John, I'm reading a book (famous last words) about someone who became a psychiatrist. He says is that one reason he didn't choose surgery as a specialty was that he didn't think he could ever get to the point where the "brown, wet lump" he was cutting on was no longer a human being. Ever read the autobiography that Michael Creighton, the science fiction author, wrote about his younger days? He was trained as a doctor, and expected to be one, but when he got to his internship in some large Boston hospital he discovered something he didn't know: the sight of blood made him throw up. He said that he gave up the idea of being a doctor because he doubted that he was instilling confidence in his 8th floor patients by drawing blood samples and then hanging out the window and puking into the street. :-)
I agree. I blame the media for a lot of this violence. You only have to read trial records and see how many crooks, having few good ideas of their own, take a plot in some book and actually try it out. Same things goes for dumb-adze kids trying to emulate the dumb-adze things they see superheroes doing.
How do we stop it? Finding some way of electing honest congressmen wouldn't hurt. And finding parents who draw the line in the right place wouldn't hurt either.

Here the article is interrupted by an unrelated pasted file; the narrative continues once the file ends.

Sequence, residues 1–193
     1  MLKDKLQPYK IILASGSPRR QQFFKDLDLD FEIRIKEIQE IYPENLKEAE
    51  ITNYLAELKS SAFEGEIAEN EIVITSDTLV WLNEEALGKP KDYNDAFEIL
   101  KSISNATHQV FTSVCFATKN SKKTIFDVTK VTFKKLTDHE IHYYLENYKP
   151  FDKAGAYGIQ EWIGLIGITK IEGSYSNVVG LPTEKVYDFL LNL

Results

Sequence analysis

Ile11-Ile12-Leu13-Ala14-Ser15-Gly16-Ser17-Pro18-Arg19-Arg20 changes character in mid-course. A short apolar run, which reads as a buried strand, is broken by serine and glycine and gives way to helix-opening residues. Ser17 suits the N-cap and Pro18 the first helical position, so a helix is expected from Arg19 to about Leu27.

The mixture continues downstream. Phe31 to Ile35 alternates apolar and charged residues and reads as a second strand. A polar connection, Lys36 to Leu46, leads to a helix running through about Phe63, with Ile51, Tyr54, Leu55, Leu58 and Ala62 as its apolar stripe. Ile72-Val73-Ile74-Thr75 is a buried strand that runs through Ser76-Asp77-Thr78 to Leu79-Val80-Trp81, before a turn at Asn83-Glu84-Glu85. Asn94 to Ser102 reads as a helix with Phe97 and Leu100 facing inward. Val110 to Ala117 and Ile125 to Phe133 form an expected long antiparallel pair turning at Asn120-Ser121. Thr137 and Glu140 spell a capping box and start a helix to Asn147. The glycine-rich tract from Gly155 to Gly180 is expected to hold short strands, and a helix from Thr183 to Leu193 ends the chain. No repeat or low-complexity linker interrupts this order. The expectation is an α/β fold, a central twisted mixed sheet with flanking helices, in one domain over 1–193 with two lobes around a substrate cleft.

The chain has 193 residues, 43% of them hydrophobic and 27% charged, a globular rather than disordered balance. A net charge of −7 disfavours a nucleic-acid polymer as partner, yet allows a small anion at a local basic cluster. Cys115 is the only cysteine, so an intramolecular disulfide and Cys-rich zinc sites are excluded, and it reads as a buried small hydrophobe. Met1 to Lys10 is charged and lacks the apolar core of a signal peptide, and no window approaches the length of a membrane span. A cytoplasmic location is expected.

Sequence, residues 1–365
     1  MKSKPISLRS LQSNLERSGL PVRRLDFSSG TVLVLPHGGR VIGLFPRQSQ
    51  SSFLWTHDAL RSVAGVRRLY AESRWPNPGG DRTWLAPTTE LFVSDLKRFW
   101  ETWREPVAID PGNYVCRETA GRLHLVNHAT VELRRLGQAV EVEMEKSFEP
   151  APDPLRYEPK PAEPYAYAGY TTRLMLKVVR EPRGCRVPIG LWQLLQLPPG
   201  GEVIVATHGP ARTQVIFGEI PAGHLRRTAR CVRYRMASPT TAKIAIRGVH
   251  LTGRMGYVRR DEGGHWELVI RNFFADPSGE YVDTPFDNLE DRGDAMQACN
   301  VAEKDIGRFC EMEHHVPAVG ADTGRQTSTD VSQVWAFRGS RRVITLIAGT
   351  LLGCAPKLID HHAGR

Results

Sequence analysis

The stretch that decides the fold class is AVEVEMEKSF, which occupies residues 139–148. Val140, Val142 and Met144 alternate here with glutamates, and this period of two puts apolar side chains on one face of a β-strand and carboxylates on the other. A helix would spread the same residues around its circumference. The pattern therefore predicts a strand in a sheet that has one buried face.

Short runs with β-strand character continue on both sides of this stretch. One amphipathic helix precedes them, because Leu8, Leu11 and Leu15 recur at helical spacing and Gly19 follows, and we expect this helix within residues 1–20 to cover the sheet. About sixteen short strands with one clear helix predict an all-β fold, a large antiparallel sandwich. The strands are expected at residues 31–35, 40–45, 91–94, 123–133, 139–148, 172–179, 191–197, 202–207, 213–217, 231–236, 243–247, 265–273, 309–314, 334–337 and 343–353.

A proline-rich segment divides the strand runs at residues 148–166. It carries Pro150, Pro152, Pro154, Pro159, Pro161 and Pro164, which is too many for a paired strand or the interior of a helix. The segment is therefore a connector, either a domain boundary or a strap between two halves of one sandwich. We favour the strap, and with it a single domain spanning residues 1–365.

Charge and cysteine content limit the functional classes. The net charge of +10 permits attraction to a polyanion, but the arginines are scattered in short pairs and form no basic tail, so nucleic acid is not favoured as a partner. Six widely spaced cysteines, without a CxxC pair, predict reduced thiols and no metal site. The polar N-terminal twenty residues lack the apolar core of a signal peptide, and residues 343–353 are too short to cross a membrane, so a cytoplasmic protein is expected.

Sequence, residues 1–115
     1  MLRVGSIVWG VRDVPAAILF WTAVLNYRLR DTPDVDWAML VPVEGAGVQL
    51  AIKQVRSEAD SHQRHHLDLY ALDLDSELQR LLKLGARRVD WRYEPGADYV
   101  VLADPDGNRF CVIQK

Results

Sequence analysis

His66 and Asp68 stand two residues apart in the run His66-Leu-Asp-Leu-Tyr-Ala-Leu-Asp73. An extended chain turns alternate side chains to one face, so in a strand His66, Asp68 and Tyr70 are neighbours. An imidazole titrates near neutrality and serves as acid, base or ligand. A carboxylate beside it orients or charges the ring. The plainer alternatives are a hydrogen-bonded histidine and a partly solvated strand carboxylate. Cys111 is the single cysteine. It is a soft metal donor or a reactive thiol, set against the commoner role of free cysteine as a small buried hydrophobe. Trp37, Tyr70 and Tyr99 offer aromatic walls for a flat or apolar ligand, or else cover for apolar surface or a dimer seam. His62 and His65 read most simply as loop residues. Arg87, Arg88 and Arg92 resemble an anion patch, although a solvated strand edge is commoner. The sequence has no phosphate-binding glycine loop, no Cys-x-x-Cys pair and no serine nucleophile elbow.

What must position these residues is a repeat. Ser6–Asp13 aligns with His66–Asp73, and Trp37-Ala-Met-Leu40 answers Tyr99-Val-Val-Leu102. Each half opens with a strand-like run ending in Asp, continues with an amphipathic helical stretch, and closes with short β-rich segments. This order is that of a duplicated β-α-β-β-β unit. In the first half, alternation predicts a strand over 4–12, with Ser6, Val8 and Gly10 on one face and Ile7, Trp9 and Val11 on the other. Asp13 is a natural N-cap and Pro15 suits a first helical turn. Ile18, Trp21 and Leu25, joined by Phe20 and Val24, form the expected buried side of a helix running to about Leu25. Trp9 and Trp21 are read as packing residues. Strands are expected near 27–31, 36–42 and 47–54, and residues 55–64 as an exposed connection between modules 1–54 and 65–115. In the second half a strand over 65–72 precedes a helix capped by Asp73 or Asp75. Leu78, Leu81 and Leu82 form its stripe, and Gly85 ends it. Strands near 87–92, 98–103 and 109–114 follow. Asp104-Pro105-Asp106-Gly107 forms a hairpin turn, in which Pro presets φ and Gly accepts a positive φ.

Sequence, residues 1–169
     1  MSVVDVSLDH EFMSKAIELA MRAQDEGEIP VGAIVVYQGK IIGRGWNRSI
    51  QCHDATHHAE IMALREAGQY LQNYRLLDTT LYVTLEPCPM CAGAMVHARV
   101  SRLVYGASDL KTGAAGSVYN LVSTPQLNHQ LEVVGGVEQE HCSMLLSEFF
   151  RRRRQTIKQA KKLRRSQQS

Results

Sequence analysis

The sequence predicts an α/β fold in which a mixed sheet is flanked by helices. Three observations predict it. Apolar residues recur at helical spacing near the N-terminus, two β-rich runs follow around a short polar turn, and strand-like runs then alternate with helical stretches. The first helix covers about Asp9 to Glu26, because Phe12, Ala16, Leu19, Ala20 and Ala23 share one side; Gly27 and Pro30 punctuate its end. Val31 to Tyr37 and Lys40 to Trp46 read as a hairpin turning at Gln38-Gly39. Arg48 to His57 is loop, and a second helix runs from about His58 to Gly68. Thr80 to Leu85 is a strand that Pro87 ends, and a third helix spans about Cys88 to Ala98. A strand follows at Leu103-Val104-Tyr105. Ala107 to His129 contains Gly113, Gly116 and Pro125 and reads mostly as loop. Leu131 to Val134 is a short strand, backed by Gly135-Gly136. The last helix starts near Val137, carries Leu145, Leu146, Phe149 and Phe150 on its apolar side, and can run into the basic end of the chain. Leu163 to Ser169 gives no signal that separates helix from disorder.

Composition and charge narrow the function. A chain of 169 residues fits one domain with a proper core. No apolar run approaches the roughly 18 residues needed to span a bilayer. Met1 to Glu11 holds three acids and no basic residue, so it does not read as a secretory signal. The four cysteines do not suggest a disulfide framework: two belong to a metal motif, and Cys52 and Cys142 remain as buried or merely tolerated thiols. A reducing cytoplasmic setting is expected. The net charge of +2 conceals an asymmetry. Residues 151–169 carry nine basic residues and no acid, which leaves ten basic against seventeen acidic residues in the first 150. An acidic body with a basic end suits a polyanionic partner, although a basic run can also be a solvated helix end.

You know what troubles me? I look at all the trash movies and programs and I think, "Why would they make this crap if no one wants to see it?"
That's a worrisome thought.
Pat, you said something before that kind of intrigued me. "...try to buy a cap pistol anywhere."
Can we? Can we buy them? I suppose the answer is no.
I tried to find one several years ago and couldn't. I never see them in the stores. There are guns that shoot balls.
My boys had cap guns and graduated to real guns. Have been deer, elk, turkey and antelope hunting and have never drawn a gun on a person.
It is the person that kills, the gun is the insturment they use. A baseball bat will accomplish the same thing. How many people have been stabbed to death? Did the knife do it or the person holding it? How many people have been choked to death? None of this is reported over and over.
I don't see anyone trying to out law any of the above except guns and now tobacco and food that will cause you to be obese.